Skip to content
Sign up to receive our free weekday morning edition, and you'll never miss a scoop.
Schumer, McConnell, Ukraine-Israel aid

What’s next on Ukraine-Israel? Plus, Mitch McConnell redeemed

Latest on foreign aid: The Senate is on track to pass the House’s $95 billion aid package for Ukraine, Israel and Taiwan as soon as this afternoon, sending the long-stalled measure to President Joe Biden’s desk.

Senators have two roll-call votes at around 1 p.m. The first is on a GOP procedural motion, while the second would overcome a bipartisan filibuster and set up final passage by Wednesday night at the latest.

Of course, the Senate being the Senate, it’s unclear when exactly the bill will pass. But with each senator limited to just one hour of remarks after today’s procedural votes, it’s likely that those who oppose the measure won’t be able to drag this out much later than tonight.

As we wrote on Monday, there are ongoing talks between Senate leaders about possible amendment votes and procedural motions. These discussions could prompt a unanimous-consent agreement to vote on the final passage this afternoon. Sen. Bernie Sanders (I-Vt.), who opposes sending some military weapons to Israel, is among those demanding “a chance to debate and vote on the key components” of the package.

However, Senate Majority Leader Chuck Schumer doesn’t have much of an incentive to engage with these demands given the fact that opponents are limited to just an hour each on the floor.

The McConnell legacy: We wrote in the Monday AM edition about how Biden can be considered the biggest winner of the 118th Congress so far.

But it isn’t just Biden scoring a win on the foreign aid bill. The same can be said for Senate Minority Leader Mitch McConnell, whose persistence on Ukraine is about to finally pay off when the Senate clears the House bill.

For more than two years now, McConnell has been the loudest and most consistent Ukraine backer in Congress, frequently calling out his own party’s drift away from its traditional hawkishness toward isolationism.

Of course, it took much longer than McConnell would have liked to enact this package. McConnell took repeated arrows from his right flank along the way, and he suffered multiple setbacks — including being overruled by his conference at the first government funding deadline in September.

A bipartisan border security proposal that McConnell championed as key to unlocking Ukraine funding also collapsed amid opposition from former President Donald Trump and Speaker Mike Johnson.

McConnell, however, worked with Senate Democrats and the White House to pass a $95 billion Ukraine-Israel-Taiwan package. McConnell afterward announced he wouldn’t be running for GOP leader again, setting off a succession fight.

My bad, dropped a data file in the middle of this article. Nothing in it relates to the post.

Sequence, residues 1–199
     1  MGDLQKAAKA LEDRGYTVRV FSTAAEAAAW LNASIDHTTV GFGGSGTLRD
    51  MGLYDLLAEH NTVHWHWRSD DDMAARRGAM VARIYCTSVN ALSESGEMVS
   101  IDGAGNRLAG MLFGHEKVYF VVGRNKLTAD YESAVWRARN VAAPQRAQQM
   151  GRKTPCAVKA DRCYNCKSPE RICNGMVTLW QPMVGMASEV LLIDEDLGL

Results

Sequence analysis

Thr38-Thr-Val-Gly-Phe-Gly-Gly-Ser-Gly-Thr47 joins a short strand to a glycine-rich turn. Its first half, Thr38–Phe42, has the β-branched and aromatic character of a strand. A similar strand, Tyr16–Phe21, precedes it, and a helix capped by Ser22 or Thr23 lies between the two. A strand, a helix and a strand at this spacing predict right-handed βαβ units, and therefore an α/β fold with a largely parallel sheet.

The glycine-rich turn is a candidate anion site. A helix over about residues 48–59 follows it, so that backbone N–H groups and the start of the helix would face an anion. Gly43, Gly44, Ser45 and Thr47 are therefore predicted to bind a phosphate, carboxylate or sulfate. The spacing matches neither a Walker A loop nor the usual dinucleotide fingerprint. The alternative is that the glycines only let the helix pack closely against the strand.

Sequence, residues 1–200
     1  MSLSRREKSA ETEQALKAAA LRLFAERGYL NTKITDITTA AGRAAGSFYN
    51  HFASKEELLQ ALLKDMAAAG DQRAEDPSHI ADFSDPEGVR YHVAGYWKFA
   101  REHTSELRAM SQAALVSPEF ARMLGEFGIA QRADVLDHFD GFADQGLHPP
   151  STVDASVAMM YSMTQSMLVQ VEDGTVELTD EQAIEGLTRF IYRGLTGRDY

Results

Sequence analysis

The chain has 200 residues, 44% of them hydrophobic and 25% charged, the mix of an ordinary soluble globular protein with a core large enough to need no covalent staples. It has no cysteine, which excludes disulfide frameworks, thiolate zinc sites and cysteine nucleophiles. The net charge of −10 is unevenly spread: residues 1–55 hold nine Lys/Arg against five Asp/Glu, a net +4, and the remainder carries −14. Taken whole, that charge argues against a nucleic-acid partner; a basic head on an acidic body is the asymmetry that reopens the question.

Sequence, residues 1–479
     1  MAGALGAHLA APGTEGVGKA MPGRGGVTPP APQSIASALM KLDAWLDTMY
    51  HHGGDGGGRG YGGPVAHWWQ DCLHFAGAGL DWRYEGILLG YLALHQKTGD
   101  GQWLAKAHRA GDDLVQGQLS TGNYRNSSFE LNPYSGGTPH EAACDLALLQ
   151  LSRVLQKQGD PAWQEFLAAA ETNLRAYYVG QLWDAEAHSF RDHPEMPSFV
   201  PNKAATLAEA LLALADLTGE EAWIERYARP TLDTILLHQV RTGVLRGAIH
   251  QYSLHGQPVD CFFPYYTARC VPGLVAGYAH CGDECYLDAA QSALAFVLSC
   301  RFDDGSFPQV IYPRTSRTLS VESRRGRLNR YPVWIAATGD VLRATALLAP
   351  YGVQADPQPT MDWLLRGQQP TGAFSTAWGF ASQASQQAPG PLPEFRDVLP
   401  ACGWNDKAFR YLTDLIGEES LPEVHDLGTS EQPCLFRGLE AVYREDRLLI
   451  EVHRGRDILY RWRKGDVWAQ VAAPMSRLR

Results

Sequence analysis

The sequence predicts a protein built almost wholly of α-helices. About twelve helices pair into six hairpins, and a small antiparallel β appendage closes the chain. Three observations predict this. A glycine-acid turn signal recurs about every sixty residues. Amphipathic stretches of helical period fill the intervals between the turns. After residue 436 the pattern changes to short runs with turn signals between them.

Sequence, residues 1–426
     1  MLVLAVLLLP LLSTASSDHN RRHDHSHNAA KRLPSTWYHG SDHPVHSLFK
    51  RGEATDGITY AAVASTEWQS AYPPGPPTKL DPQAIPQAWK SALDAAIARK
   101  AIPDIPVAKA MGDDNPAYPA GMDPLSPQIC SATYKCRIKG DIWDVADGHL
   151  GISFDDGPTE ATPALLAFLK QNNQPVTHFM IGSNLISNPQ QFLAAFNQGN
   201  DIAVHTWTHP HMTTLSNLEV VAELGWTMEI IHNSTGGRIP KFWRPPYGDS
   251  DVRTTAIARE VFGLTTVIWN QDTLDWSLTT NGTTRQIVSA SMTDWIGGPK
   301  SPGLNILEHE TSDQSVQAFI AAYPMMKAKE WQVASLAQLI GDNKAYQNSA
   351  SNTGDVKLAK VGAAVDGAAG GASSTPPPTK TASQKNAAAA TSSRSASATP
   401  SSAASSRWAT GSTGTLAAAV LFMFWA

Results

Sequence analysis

Following two months of delay, Johnson — under intense pressure from McConnell, the White House and many of his own House GOP colleagues — reversed course and embraced more than $60 billion in Ukraine funding. The House cleared the measure with a big bipartisan vote on Saturday.

But even then, a majority of House Republicans opposed the Ukraine aid, which was at the center of the package.

And while this has become a major moment for McConnell, it’s still unclear whether a majority of the Senate GOP Conference will vote for the House measure.

In February, the Senate’s version got 22 GOP votes, just under half of the 49-member conference. This time around, Senate GOP leadership aides think several additional votes could be in play. If the Republican “yes” votes total 25 or more, expect to hear some chest-thumping from GOP leaders.

A win’s a win: The 82-year-old McConnell is an old-school Reagan Republican whose pro-NATO and anti-Russia views have been a hallmark of his decades-long Senate career. McConnell has made it his mission to see that the more populist, Trump-aligned view doesn’t win out in his party.

You saw this divide on stark display over the weekend when Sen. Lindsey Graham (R-S.C.) went after Sen. J.D. Vance (R-Ohio) for his opposition to Ukraine aid. And it will continue to be a major flashpoint for Republicans this fall as Trump pushes his “America First” agenda.

To Vance, the success of this particular package belies the growing number of Republicans bucking McConnell’s view. Vance himself replaced Sen. Rob Portman (R-Ohio), a staunch Ukraine supporter and McConnell ally.

“There’s no doubt we’re winning the argument,” Vance told us Monday. “Our voters want us to put America first. And we’re seeing a growing number of Republican senators who think Ukraine has nothing to do with that.”

Yet McConnell won this round by playing the long game. McConnell embraced his party’s demands for border security in exchange for foreign aid, waiting patiently as Senate and White House negotiators forged a compromise.

McConnell made the case to GOP senators that this was the time — not with Trump in office — to pass meaningful border restrictions. Democrats were prepared to accept many of the GOP’s border demands because they so badly wanted to pass more Ukraine aid. McConnell saw an opportunity. But few listened to him.

The end result was that Republicans got little on border security, and Biden got exactly what he asked for on foreign aid.

— Andrew Desiderio

Presented by AARP

AARP knows older voters. 

We’ve made it our business to know what matters to people 50 and over—like we know that protecting Social Security and supporting family caregivers are among their top priorities. Learn more from our polling in Pennsylvania.

Editorial photos provided by Getty Images. Political ads courtesy of AdImpact.